If last summer was anything, it was a summer dedicated to a designer drug, openly sold in the streets, and talked about everywhere online. No, New York Times editors, that drug was not Molly. It was bath salts, a drug made of substituted cathinones that, according to Wikipedia, provides similar effects to uppers like amphetamine and cocaine. To which we say: Have you ever seen anyone on cocaine? Did that person try to eat off your face? No, bath salts were a whole different animal, and we were suitably freaked out by the whole thing.
It all started when Rudy Eugene, a 31-year-old Floridian—because horrifying national trends always start in Florida—attacked 65-year-old Ronald Poppo, leaving the elderly man with a face "75-80 percent" gone. It was widely speculated that bath salts played a factor, and millions of funny, then shitty, "zombie apocalypse" jokes were made. Then a Baltimore man ate a human being's brains and heart, and a New Jersey resident actually committed Seppuku and threw his intestines at police officers. Congress and President Obama soon signed legislation banning bath salts' sale. But it didn't stop Louisana man, under the influence, from biting the face of his friend. And a New Haven wig shop owner was attacked by a couple of biters. And a man bit his dog. Poor dog.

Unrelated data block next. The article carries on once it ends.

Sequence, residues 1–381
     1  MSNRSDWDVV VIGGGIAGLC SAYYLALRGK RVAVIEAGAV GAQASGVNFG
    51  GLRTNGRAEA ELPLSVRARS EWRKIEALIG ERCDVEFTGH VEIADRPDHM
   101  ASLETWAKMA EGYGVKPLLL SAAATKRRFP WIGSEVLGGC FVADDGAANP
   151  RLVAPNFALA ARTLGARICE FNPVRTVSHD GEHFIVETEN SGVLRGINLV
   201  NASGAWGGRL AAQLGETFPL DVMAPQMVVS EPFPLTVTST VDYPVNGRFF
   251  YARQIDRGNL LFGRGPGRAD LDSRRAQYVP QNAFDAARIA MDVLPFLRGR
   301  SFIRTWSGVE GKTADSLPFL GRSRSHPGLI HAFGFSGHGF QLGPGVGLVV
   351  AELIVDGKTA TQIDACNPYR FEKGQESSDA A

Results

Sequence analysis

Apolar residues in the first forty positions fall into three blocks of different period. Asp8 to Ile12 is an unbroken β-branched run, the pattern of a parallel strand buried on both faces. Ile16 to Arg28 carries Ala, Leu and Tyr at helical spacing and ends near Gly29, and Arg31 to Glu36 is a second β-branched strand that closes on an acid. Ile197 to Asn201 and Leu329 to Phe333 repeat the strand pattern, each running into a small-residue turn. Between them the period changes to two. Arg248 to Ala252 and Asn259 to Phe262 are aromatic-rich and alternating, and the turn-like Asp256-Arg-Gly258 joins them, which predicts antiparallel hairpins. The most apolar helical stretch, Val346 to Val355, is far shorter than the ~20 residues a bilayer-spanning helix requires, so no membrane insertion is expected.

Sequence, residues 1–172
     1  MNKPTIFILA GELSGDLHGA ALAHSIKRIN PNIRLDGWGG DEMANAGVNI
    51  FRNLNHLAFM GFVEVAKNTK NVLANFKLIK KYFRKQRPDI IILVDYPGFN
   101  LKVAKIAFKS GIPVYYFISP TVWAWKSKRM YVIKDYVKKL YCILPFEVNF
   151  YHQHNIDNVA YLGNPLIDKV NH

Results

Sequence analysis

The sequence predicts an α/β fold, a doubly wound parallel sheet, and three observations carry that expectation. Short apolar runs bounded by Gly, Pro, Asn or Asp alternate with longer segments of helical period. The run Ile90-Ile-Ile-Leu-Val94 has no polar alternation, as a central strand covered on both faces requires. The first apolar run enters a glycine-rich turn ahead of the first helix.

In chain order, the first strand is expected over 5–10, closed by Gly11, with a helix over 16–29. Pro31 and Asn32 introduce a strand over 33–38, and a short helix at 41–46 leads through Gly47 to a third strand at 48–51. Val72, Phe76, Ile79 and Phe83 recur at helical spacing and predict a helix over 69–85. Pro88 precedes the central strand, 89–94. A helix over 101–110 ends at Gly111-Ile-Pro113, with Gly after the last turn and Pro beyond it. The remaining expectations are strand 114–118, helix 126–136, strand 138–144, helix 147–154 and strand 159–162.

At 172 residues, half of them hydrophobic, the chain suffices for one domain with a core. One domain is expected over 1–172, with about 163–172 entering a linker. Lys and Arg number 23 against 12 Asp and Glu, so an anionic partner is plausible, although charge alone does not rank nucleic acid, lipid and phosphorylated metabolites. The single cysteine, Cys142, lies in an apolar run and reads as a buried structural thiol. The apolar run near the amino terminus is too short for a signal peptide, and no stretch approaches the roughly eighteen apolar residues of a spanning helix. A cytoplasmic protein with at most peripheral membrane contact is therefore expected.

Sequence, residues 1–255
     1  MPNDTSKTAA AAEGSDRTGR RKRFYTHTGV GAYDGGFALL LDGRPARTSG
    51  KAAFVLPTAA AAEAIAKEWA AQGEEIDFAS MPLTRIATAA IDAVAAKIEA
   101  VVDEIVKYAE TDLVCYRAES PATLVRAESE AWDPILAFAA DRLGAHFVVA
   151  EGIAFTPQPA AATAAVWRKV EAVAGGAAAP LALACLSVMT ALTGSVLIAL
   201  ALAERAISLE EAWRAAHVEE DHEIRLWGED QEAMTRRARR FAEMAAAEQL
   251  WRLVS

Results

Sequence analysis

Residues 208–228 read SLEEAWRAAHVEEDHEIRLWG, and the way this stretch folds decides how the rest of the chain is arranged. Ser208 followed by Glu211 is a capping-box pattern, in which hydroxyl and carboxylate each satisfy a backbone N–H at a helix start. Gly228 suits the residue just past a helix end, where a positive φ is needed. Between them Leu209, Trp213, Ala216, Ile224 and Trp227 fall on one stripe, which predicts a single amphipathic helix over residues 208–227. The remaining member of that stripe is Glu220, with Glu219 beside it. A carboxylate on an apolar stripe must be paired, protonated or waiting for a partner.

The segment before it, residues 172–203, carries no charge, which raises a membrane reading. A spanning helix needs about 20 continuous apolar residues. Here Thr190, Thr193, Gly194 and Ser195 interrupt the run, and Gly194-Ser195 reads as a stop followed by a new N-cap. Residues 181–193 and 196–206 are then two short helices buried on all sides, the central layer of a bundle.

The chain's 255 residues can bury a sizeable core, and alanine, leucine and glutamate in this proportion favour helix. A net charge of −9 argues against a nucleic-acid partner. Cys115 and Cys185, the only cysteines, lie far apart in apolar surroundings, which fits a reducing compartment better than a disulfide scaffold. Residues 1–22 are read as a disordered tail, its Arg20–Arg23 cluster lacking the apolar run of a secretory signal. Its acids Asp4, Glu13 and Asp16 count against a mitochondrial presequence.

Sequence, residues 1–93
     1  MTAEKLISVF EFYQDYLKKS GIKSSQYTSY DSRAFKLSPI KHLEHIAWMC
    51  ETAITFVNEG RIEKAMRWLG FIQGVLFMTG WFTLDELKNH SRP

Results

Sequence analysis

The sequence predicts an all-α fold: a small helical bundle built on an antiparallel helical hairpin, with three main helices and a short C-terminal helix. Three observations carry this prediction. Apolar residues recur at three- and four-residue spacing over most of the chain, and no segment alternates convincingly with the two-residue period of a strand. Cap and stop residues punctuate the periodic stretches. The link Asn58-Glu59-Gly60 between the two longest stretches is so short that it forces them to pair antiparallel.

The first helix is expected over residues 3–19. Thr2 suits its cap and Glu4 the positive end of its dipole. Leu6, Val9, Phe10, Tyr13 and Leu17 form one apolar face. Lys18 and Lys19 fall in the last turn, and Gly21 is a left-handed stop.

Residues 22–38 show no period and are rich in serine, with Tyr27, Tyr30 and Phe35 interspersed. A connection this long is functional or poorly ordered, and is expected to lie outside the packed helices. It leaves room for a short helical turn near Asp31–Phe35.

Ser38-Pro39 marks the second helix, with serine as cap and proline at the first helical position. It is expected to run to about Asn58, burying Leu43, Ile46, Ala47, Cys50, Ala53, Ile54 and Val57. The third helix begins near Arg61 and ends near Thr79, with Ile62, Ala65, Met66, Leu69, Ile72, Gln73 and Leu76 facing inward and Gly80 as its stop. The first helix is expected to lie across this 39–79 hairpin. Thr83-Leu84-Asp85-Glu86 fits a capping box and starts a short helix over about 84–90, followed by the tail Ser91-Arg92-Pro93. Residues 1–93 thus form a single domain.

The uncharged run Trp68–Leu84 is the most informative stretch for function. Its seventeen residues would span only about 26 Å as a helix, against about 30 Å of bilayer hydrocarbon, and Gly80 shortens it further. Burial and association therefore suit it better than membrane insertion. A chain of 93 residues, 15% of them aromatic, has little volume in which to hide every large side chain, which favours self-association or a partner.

As the weather cooled and the crazies went back to their underground homes, the summer of bath salts found its end. But THIS WAS IMPORTANT. We must never forget the 2012 Summer of Bathsalts. It taught us the educational value of the Walking Dead, the dangerous ripple effect of copycat biters, and, of course, the pyschic damage that comes with ingesting things that belong in a bathtub. And while the teenager in the video above never got that memo, we have. Adios, bath salts. We eagerly await your horrible replacement.